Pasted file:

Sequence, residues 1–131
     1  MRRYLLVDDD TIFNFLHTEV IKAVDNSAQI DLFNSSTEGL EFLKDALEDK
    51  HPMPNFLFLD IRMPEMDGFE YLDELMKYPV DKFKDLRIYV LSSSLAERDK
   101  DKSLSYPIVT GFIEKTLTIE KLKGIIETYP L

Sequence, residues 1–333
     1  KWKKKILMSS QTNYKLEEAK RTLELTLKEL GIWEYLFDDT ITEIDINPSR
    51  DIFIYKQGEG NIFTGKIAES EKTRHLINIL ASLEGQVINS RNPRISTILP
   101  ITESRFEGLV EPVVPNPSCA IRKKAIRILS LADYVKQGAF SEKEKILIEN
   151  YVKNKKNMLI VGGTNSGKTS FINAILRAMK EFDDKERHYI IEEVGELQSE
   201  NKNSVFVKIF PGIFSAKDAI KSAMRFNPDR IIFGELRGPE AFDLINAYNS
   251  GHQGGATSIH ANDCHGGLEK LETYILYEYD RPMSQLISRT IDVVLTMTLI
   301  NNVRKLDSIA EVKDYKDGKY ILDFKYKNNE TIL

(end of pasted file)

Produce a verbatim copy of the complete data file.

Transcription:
Sequence, residues 1–131
     1  MRRYLLVDDD TIFNFLHTEV IKAVDNSAQI DLFNSSTEGL EFLKDALEDK
    51  HPMPNFLFLD IRMPEMDGFE YLDELMKYPV DKFKDLRIYV LSSSLAERDK
   101  DKSLSYPIVT GFIEKTLTIE KLKGIIETYP L

Sequence, residues 1–333
     1  KWKKKILMSS QTNYKLEEAK RTLELTLKEL GIWEYLFDDT ITEIDINPSR
    51  DIFIYKQGEG NIFTGKIAES EKTRHLINIL ASLEGQVINS RNPRISTILP
   101  ITESRFEGLV EPVVPNPSCA IRKKAIRILS LADYVKQGAF SEKEKILIEN
   151  YVKNKKNMLI VGGTNSGKTS FINAILRAMK EFDDKERHYI IEEVGELQSE
   201  NKNSVFVKIF PGIFSAKDAI KSAMRFNPDR IIFGELRGPE AFDLINAYNS
   251  GHQGGATSIH ANDCHGGLEK LETYILYEYD RPMSQLISRT IDVVLTMTLI
   301  NNVRKLDSIA EVKDYKDGKY ILDFKYKNNE TIL